We’re a month into FIFA 22’s release and despite the vastly different gameplay from the games before, I’ve found myself spending more time looking through the stats after a match. I’m a Football Manager addict at heart and these additional titbits of information add a certain level of depth to my game that I used to miss in the past when switching from Sports Interactive’s game to FIFA.
But this extra information isn’t just helpful in shaping my bang-average gameplay, it’s helpful in working out the emerging trends for the FIFA 22 meta – something that hasn’t been solidified in Ultimate Team just yet.
As well as a summary giving you the headlines of your performance, these new stats give you more information on possession, shooting, passing, and defending. While it might not seem like much to the average FIFA player, this level of insight leaves less room for guesswork when you’re trying – and failing – to qualify for the likes of the FUT Champions finals.
The headline new stat is expected goals, or xG, which is a complicated way of saying ‘that should’ve gone in’. It’s a predictor of the likelihood of each shot going in, based on many factors such as the play, the angle, and distance to the net. On a scale of zero to one, with zero being impossible to score and one being a 100% chance of a goal, xG gives a statistical look at whether you should’ve scored that chance.
In other words, next time you scream ‘how did he save that?’, check your xG – the data doesn’t lie.
But, as well as data that reaffirms how unlucky you might be, the feature is helping me shape my game. After each match, particularly in FUT Champs, I’m analysing my gameplay and asking myself questions like ‘how did I lose that last match?’, ‘how successful was my tackling?’ and ‘was I too focused on playing up one side?’.
By questioning my ambition, I’ve found myself coming out of losses with more answers than questions – and it’s helping me tilt less and learn more.
I might not have ePremier League ambitions, but I do want to improve. With EA binning relegation in Rivals, I’m able to take each match as it comes and learn from it. That in itself is a miracle – there’s no pressure to up the pace in game or sweat goals because you can learn from your mistakes and generate your own in-game tactics. By picking one or two stats each game, such as pass completion or possession, I’m able to hone in on what matters, hold onto the ball for longer, and generate meaningful goal-scoring opportunities. It’s also handy to finally have the shooting type breakdown to make grinding FUT objectives easier.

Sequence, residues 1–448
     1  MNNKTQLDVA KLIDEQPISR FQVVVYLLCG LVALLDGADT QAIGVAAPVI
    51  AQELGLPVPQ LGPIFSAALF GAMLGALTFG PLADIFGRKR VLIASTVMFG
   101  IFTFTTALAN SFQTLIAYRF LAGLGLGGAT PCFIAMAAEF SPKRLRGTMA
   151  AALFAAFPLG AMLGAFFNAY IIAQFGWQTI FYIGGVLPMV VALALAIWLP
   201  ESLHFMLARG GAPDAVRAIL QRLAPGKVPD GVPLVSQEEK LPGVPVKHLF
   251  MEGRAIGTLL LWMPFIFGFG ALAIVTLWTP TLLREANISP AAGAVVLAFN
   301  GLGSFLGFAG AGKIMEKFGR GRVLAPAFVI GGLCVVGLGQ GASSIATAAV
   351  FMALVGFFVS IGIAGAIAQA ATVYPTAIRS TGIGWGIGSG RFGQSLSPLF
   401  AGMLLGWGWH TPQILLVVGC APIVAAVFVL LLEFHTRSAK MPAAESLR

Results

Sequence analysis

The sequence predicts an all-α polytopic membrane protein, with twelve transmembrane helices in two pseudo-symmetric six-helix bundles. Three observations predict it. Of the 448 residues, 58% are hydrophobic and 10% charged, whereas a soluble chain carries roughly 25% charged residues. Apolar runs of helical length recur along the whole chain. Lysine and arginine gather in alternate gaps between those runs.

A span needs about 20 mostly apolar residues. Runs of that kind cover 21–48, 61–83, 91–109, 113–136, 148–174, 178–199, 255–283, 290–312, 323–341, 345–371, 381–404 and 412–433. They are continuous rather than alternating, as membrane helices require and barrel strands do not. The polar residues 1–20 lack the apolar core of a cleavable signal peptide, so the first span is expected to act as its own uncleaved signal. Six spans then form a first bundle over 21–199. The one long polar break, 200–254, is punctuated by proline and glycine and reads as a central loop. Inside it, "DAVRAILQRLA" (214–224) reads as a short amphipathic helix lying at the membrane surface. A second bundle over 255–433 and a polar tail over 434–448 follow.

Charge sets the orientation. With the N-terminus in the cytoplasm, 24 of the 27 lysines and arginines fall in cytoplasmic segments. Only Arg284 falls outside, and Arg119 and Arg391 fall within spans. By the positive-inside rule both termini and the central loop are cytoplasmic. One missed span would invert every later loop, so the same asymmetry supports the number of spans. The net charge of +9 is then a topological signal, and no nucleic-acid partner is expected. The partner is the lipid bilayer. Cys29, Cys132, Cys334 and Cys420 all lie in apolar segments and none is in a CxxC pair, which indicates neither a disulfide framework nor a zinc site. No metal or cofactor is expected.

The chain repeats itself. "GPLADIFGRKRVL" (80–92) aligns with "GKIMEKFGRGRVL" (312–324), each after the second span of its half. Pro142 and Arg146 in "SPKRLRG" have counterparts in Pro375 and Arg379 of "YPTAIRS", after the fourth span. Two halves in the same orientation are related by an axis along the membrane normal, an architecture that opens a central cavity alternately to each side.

In Career Mode, half time stats show me which players are underperforming and dictate my substitutions. In Football Manager, players can use match stats to optimise their transfer windows in a Moneyball style operation. Sadly, long-term stat insights aren’t saved for AI clubs, so you can’t yet use it to decide who to sign (unlike FM).
FIFA 22’s new stats allow you to analyse your game deeper than ever before
You can use FIFA’s new stats in Pro Clubs too, to call out your teammates who are slacking. The improved heatmaps leave nowhere to hide when sticking to position and grafting on the pitch. Pass, tackle and shot success are also there in plain view. You better work, or you might find your friend drops you from their climb.
However, while FIFA 22’s new stats allow you to analyse your game deeper than ever before, it’s not perfect. A Weekend League tracker, something fans have been asking about for years, is still missing. Players who regularly qualify can’t track their performance over long periods of time, and instead are forced to use third-party websites to analyse the data. Average player ratings are also missing and I feel like attaching these to cards after each and every match would actually benefit players, since they can see whether their playstyle is limiting the potential of their stars.
We’re still a long way away from having a perfect stats mode in FIFA, but EA has made a good start. Sure, it’d be nice for in-game systems to tell us when a player taps in his 1,000 goal in Career Mode, but this is only the beginning. Hopefully in future updates, EA Sports will continue to innovate and satisfy the diehard football geek in me.